The numastat tool (which is part of the numactl package) can also be used to check the memory statistics for a process running on CPU and GPU. It shows the total memory, used memory, and free memory, Non-Uniform Memory Access (NUMA) hit and miss per NUMA node, that is, in case of heterogeneous system it gives information from CPU and GPU both. When used with the -m option, it shows the meminfo-like system-wide memory usage information. With the -p option, you can specify the process ID to check the per-node memory allocation information for the specified process. Figure 5 shows the output of the numastat command while running the matrix multiplication program. In the numastat output, Node 0 and Node 8 are the CPU nodes while GPUs are shown as Nodes 252 to 255. From the system configuration, we know that Node 255 is mapped to GPU0. Its memory footprint has increased to 1455 MB due to a running process (matrix multiplication) on GPU0.

Figure 5. numastat output captured while running GPU offloaded OpenMP matrix multiplication
alt

Summary

The era of heterogeneous systems is here and the IBM Power AC922 GPU-accelerated system is at the leading edge of this new era in high-performance computing (HPC). OpenMP’s open standard, portability across different GPU architectures, ease of programming, and wide acceptance (on CPU shared memory programming) makes it a promising programming model for heterogeneous systems. In this article, we explained how to use the OpenMP pragma, compile the OpenMP GPU offload program on an IBM POWER9 processor-based system using XLC and CLANG compilers and tools to monitor OpenMP GPU offload program. We also tried to showcase the behavior of memory-intensive and compute-intensive OpenMP GPU offload program using triad and matrix multiplication example. While writing a GPU offloaded OpenMP program, programmers should be familiar with the parallel for, teams, and distribute clauses. These are essential to spread parallelism. Collapsing the loops also increases parallelism. Try to minimize CPU-GPU data transfer or overlap it with GPU computation.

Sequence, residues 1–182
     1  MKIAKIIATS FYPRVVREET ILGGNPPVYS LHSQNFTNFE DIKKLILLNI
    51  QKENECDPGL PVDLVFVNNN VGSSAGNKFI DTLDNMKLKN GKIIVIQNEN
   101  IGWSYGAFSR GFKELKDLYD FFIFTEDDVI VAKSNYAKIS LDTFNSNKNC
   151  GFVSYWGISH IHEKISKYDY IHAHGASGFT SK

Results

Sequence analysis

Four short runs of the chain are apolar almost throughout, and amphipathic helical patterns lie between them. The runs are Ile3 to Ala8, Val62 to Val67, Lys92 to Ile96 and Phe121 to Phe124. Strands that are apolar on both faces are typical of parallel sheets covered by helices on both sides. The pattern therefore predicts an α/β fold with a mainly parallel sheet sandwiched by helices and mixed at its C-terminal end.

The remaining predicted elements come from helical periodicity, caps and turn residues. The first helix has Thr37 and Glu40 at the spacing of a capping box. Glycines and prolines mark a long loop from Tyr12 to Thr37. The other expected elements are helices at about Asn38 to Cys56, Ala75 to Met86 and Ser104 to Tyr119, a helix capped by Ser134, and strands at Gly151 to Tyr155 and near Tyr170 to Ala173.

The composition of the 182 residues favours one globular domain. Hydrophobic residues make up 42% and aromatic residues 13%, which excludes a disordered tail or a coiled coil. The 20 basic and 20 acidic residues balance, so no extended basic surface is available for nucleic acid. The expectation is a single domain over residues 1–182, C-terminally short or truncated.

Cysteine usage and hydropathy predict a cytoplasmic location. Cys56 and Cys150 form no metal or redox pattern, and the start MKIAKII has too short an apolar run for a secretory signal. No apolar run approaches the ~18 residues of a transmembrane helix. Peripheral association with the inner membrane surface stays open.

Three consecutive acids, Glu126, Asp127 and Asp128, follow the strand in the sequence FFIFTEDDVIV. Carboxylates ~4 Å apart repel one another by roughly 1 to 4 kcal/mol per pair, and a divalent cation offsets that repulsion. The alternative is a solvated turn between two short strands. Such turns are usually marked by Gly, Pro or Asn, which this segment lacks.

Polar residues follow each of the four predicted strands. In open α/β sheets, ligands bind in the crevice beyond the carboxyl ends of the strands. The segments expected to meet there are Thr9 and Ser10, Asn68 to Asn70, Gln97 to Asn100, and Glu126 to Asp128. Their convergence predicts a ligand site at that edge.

References

  1. Hands on with OpenMP 4.5 and Unified Memory: Developing applications for IBM’s hybrid CPU + GPU systems (part I)
  2. Hands on with OpenMP 4.5 and Unified Memory: Developing applications for IBM’s hybrid CPU + GPU systems (part II)
  3. Performance Evaluation of OpenMP’s Target Construct on GPUs – Exploring Compiler Optimizations
  4. Best practice guide – GPGPU
  5. CUDA C best practices guide
  6. OpenMP on GPUs, first experiences and best practices
  7. A full description of OpenMP 4.5 data and programming constructs
  8. Code optimization with IBM XL compilers on Power architectures
  9. OpenMP compilers and tools support